This is pretty much a U.S. post, so if you’re from another country I’d love to hear what it’s like where you are.
Ok, so I’m late to the game, but I just watched the documentary Food, Inc. (This is a PBS link, it’s also on Netflix) Wow. It was made in 2008 but I’m not sure things have gotten much better since then. I was unaware of the monopolies in agriculture. I knew people had differing opinions about Monsanto but I didn’t know anything about them. I knew there were some big meat companies but I didn’t realize that four companies provided 80% of the meat in the country. I knew feedlots existed but I didn’t know what they entailed. The whole chicken thing is disturbing.
I’m lucky enough to live close enough to Polyface Farms, which is profiled in the movie, to have a farmer’s market near that sells their meat. I think we’ll be buying more of their meat in the future. It makes me think twice about the butcher’s special that I bought. If there are only 13 slaughterhouses in the U.S., and conditions at those are not conducive to healthy meat, well, the meat I buy from the butcher probably isn’t any healthier than the meat I buy at the grocery store, is it? It still comes from those slaughterhouses, right?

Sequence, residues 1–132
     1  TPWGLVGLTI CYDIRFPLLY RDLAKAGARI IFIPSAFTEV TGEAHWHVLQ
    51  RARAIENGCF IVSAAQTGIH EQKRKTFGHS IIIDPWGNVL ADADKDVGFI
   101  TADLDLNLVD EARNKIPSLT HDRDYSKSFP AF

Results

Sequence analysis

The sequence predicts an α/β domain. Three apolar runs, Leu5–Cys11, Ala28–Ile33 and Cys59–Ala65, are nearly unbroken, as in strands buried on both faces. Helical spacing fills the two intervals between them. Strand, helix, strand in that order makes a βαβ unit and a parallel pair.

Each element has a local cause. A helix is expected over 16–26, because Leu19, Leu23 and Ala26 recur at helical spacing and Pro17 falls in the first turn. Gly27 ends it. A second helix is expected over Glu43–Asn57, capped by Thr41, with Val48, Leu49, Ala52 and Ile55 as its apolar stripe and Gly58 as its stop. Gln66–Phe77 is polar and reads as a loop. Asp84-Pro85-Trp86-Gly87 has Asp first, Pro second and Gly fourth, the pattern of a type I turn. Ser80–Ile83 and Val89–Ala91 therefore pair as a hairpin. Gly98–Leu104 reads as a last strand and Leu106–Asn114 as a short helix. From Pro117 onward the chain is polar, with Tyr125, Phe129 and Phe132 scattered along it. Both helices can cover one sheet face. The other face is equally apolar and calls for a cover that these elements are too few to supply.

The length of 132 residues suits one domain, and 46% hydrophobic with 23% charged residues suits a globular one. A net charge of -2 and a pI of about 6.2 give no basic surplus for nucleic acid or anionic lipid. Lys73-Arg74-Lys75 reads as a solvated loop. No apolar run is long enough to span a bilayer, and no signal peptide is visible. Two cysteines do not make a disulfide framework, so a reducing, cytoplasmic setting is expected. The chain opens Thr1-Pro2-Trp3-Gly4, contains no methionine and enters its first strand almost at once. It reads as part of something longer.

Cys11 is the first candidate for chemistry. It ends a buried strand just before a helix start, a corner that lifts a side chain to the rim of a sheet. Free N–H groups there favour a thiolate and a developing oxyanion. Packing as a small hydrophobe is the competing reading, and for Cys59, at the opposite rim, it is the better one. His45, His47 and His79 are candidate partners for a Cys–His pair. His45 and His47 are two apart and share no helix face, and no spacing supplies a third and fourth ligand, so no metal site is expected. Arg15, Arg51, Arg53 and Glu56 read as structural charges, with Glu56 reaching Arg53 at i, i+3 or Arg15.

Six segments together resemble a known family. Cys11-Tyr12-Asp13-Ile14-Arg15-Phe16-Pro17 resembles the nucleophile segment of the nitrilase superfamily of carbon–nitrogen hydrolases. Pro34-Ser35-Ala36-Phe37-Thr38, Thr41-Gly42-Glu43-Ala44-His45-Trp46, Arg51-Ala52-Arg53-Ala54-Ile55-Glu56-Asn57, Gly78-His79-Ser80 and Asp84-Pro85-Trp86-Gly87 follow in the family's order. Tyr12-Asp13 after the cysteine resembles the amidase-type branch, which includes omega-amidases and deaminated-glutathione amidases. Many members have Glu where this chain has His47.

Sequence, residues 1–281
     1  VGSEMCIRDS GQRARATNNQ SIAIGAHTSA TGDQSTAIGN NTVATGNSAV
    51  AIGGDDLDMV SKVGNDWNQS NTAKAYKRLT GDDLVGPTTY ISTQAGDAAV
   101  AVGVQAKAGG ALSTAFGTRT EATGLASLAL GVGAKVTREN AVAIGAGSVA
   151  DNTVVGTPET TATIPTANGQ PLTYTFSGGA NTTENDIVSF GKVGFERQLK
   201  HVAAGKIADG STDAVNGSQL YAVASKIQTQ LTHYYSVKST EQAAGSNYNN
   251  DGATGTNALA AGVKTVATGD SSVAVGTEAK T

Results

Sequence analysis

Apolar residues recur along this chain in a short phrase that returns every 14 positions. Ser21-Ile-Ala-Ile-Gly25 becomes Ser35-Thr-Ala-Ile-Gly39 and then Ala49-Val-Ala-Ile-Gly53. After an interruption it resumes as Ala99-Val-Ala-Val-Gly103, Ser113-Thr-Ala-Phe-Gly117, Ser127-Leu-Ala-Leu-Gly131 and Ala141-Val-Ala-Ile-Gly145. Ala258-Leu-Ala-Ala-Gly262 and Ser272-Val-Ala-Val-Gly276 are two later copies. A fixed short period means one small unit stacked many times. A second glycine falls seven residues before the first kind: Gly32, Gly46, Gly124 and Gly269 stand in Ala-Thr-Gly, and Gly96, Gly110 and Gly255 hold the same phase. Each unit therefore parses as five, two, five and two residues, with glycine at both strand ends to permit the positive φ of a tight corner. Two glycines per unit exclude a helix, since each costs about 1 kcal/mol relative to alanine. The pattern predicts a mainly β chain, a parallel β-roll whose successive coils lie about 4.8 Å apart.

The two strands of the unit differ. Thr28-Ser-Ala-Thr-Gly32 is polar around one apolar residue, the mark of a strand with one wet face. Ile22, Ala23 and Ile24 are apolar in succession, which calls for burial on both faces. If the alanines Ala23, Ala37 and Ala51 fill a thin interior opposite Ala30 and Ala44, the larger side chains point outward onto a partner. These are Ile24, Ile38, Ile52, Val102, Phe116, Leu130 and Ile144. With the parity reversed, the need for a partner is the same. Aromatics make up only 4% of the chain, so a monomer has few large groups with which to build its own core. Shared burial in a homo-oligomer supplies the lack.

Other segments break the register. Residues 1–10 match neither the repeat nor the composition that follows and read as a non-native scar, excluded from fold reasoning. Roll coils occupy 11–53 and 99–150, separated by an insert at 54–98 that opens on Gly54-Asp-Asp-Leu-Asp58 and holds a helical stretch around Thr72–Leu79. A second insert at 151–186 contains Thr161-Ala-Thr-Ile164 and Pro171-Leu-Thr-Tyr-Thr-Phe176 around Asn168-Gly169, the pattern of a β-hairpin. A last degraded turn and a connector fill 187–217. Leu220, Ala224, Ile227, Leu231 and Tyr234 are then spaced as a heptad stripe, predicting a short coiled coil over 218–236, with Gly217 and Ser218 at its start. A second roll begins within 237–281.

It’s beginning to seem to me that the only way to truly be healthy is to grow and raise all your own food or investigate closely exactly where each thing comes from. It looks like I’m going to have to be much less lazy about my buying habits. This is certainly not the frugal route unless I grow a large percentage of what we eat. That will allow us to afford the more expensive, healthier meats.
This documentary was disturbing. These things that I knew about in a vague way became much clearer. It has certainly made me think more about how I buy. Every dollar is a statement. I’d love to say that the family is only going to eat clean foods from this moment on, but that’s not realistic. Honey Nut Cheerios taste good and my kids love them. There are some other products that we love as well. At what point does it become too austere? At what point does it become too expensive? How do you shop ethically and keep a budget? More on that in a minute though. The movie is well worth the hour and a half it takes to watch it.